For instance, a retirement survey of boomers, recently
conducted by Merrill Lynch, states that, "Yesterday's retirement
model of decades of entitled leisure is being rejected. Boomers
aspire to a new retirement that includes work, albeit with a new
Buried in the prose about how boomers
will reinvent themselves in this next phase of their lives is this
revelation: Boomers don't want to "make the financial sacrifices
today that a traditional leisure retirement requires."
So boomers will revolutionize retirement by ... continuing
to work! How's that for an awesome retirement strategy?
We have so many options. We don't have to retire at
65! We can work longer if we don't have enough money. Because we
have so many choices!
It might be noted that this survey about boomers reinventing
themselves concludes rather predictably that it's important to contact
a financial adviser. "These survey findings tell us that now,
more than ever, there is value in having an ongoing relationship
with a financial adviser who knows you and the goals you have for
yourself and your family."
Still, the concept that boomers are transforming retirement seems
to have taken hold like wildfire in a drought. In a recent issue
of The ASPPA Journal, a trade publication for retirement-plan professionals,
the editor wrote that boomers "will likely redefine retirement.
Many of my contemporaries talk about 'slowing down' someday, hoping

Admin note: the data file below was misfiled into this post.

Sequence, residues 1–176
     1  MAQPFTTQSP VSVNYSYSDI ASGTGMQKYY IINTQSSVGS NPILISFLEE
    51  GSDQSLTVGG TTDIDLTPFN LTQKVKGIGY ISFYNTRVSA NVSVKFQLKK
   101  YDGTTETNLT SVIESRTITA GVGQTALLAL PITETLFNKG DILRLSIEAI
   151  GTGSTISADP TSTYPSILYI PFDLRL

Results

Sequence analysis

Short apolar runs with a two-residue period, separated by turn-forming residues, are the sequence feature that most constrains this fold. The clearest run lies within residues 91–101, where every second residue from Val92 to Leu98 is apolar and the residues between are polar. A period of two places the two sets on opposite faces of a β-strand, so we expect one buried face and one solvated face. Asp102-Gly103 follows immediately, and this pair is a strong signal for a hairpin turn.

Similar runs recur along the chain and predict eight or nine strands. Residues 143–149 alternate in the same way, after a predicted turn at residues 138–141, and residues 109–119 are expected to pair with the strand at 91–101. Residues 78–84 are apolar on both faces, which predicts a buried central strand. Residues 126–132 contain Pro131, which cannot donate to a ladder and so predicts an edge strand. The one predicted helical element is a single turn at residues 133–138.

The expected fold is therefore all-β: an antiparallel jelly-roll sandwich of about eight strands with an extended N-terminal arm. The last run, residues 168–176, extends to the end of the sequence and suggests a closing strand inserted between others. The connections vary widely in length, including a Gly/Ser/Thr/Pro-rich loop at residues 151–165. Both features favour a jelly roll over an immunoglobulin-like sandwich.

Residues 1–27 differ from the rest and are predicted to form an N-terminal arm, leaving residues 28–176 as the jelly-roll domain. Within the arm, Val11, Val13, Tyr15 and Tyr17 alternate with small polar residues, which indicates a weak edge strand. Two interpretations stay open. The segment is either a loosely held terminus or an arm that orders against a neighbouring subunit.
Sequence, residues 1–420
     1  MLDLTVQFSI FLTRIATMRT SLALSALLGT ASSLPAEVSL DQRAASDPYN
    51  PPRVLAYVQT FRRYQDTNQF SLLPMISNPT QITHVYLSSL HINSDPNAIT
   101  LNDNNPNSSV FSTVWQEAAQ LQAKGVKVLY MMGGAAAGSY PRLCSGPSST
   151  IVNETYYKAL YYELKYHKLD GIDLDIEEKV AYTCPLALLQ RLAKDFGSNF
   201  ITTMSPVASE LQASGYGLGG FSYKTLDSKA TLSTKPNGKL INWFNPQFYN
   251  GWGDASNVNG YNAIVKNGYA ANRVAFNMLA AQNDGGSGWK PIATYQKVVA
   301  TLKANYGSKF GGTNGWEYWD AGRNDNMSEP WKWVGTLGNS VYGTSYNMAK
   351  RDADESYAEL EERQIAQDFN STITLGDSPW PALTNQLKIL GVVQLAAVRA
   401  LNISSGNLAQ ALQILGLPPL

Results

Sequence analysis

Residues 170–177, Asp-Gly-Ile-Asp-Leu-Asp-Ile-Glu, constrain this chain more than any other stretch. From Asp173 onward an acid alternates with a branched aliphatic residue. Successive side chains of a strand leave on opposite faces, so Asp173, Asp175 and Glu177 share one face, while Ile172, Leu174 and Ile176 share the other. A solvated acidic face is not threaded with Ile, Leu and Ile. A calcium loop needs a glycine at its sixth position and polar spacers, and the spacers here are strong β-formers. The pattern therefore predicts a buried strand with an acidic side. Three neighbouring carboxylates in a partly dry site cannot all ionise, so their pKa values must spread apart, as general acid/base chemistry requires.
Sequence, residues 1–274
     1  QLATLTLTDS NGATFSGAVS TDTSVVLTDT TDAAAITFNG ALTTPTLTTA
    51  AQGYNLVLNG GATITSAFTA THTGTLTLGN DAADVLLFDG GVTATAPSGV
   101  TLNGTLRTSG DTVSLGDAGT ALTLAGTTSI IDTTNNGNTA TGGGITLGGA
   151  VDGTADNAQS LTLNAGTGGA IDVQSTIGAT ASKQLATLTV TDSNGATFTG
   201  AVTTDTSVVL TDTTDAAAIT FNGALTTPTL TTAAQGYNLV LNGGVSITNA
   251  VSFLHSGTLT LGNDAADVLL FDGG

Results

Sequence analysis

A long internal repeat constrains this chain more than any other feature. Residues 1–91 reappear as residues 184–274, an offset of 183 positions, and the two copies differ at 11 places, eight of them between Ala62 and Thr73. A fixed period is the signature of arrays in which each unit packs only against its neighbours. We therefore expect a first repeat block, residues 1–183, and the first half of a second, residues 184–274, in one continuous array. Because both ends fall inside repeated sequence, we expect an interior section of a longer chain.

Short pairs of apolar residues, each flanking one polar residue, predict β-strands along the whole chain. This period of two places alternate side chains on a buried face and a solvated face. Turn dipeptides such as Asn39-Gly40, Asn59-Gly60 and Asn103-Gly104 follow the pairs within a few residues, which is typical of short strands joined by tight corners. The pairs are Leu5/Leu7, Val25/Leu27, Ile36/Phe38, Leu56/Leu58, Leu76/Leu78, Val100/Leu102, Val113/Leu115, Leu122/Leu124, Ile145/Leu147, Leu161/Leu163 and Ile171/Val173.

to work part-time at something -- perhaps a new career or a passionate
interest. Some dream of a 'cyclical semi-retirement,' rotating periods
of work, travel, education and leisure time. Don't expect these
boomers to just sit back and grow old!" she says.
In a way, it does seem to have certain appeal: to be productive,
to see the world, to learn, to remain mentally challenged. Why not
romanticize our predicament and delude ourselves into believing
that this is what we choose to do?
And as if on cue, a new book just came out called
"Get Inspired to Retire," co-written by two VPs of Van
Kampen Investments. It's not really a financial book, though it
does address money issues in various ways. The book purports to
offer a "holistic approach to retirement needs." The introduction
sets the tone:
"Age 65 no longer means mandatory retirement,
out to pasture and into a retirement home. Studies show that many
Americans actually choose not to retire, whether for financial or
other reasons. ... 'Get Inspired to Retire' will help you see what
some of your options are and the role they might play in fulfilling
the next adventure in your life. Armed with such insight, you can
learn how to make the choices that are right for you."
Actually, this book is a rather clever concept
with no obvious agenda. It's a combination how-to, self-help, travel-guide,
catalog of life. It's just the perfect book for boomers to contemplate
the last stage of their life -- the one that comes right after figuring
out what we want to be when we grow up. That's something that, I
confess, I have yet to figure out.